On Sun., Dec. 14, the school’s Union for Politics posted an online petition and a Facebook page. Students signed on to express displeasure with the school becoming, in their view, primarily a profit-making enterprise, and to call for more transparency in the administration. As of this past weekend, 530 had signed the petition.
A meeting that Sunday night centered around the need to create an autonomous space for students on the rather physically disconnected campus.
“No common space meant no shared culture,” explained Fatuma Emmad, a graduate student in politics at the school. Emmad was one of the core negotiators during the cafeteria occupation.
The day before the occupation, 40 students tried to enter a faculty meeting in the auditorium of the school’s Eugene Lang Building, at 65 W. 11th St., to voice their concerns but were blocked by school security guards. After a brief scuffle, eight students symbolically wearing tape over their mouths managed to get inside.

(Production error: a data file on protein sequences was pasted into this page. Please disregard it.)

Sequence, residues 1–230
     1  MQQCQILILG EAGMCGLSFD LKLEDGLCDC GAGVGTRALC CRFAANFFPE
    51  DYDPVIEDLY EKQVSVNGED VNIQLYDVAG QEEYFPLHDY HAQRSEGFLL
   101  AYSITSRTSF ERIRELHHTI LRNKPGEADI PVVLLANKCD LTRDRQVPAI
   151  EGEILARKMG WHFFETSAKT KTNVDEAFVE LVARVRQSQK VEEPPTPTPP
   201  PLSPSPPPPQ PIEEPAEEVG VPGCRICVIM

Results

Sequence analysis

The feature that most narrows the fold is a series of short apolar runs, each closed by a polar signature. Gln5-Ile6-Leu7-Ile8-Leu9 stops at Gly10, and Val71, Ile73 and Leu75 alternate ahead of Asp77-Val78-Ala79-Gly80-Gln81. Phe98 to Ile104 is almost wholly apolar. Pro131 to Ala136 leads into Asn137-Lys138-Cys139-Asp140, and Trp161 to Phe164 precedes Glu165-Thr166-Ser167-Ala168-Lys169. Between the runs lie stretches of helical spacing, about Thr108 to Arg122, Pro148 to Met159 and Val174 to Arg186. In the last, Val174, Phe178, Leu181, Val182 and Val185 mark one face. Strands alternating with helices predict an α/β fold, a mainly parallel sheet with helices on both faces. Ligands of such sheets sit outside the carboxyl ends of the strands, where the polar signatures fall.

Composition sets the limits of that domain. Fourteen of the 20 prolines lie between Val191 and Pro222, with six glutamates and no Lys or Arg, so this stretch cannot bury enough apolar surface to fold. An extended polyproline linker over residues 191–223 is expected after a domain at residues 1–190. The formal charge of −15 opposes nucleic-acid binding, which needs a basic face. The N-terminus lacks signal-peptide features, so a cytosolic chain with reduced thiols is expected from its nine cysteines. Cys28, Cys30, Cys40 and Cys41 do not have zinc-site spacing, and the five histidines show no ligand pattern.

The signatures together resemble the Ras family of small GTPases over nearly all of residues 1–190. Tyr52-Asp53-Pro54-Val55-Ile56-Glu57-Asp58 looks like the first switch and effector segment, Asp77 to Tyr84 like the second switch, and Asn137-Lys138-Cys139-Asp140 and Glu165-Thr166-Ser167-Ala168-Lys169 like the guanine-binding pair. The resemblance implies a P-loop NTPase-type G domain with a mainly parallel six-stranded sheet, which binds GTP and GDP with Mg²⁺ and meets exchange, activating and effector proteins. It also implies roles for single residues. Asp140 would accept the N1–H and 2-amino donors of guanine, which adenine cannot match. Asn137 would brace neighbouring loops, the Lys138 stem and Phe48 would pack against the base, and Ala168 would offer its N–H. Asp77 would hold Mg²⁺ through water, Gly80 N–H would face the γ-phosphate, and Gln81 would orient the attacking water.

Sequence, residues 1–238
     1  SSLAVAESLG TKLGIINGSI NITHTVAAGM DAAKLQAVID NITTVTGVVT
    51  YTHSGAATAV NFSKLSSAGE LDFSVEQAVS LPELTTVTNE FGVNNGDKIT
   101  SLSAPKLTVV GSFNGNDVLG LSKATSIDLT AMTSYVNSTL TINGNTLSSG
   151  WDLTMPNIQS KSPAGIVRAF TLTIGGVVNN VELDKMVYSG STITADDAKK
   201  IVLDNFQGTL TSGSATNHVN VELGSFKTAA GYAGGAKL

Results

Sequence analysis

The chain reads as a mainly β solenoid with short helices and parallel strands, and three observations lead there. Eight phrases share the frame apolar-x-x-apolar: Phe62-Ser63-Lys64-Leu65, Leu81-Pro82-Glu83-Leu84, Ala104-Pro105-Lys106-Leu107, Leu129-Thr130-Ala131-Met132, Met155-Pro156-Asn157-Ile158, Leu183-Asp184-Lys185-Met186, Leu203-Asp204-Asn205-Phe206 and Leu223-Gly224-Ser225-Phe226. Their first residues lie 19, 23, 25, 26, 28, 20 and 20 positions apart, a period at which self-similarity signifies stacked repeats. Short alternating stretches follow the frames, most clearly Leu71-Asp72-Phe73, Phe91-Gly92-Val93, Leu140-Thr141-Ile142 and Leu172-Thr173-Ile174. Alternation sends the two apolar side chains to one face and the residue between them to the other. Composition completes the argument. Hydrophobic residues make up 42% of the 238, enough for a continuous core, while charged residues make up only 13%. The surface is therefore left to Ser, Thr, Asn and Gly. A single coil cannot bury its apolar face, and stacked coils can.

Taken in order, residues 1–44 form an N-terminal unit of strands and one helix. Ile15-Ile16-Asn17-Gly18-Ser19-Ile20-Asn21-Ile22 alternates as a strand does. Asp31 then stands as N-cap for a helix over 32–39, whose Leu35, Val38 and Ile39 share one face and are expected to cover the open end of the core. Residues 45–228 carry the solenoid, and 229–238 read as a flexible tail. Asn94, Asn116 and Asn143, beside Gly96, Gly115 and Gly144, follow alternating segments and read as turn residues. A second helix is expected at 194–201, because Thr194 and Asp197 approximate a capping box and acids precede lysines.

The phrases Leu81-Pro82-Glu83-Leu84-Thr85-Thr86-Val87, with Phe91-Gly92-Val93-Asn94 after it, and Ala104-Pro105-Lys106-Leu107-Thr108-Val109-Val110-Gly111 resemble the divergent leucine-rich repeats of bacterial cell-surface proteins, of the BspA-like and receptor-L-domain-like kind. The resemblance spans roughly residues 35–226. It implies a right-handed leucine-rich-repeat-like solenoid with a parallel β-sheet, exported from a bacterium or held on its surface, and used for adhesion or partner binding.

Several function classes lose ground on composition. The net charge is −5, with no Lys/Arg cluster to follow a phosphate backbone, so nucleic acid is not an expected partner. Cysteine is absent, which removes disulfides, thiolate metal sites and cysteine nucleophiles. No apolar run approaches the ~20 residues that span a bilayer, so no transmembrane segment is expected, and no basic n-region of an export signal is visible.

Late Wednesday afternoon an e-mail called students to meet in the school’s cafeteria inside the Albert List Academic Center building, at 65 Fifth Ave., between 14th and 13th Sts. By 8 p.m. that night dozens had pushed tables and chairs to the side of the dining/study area and hung a banner on a wall that declared the space the “New School in Exile.”
(The name was an apparent allusion to The University in Exile, founded in 1933 as a graduate division of the New School for Social Research as a refuge for academics fired from universities in fascist-ruled European countries.)
Despite repeated attempts by school security to empty the List building, students moved freely between rooms to use bathrooms on other floors. By the building’s 11 p.m. closing time, the students were firmly entrenched in the ground-floor space.
The students drew up a list of demands, chief among them the resignation of Kerrey, as well as the school’s vice president, James Murtha, and Robert Millard, the treasurer of the board of trustees.
Other demands included a request for transparency of investments, creation of a socially responsible investment committee and use of the List building as an autonomous student space until a permanent space could be created.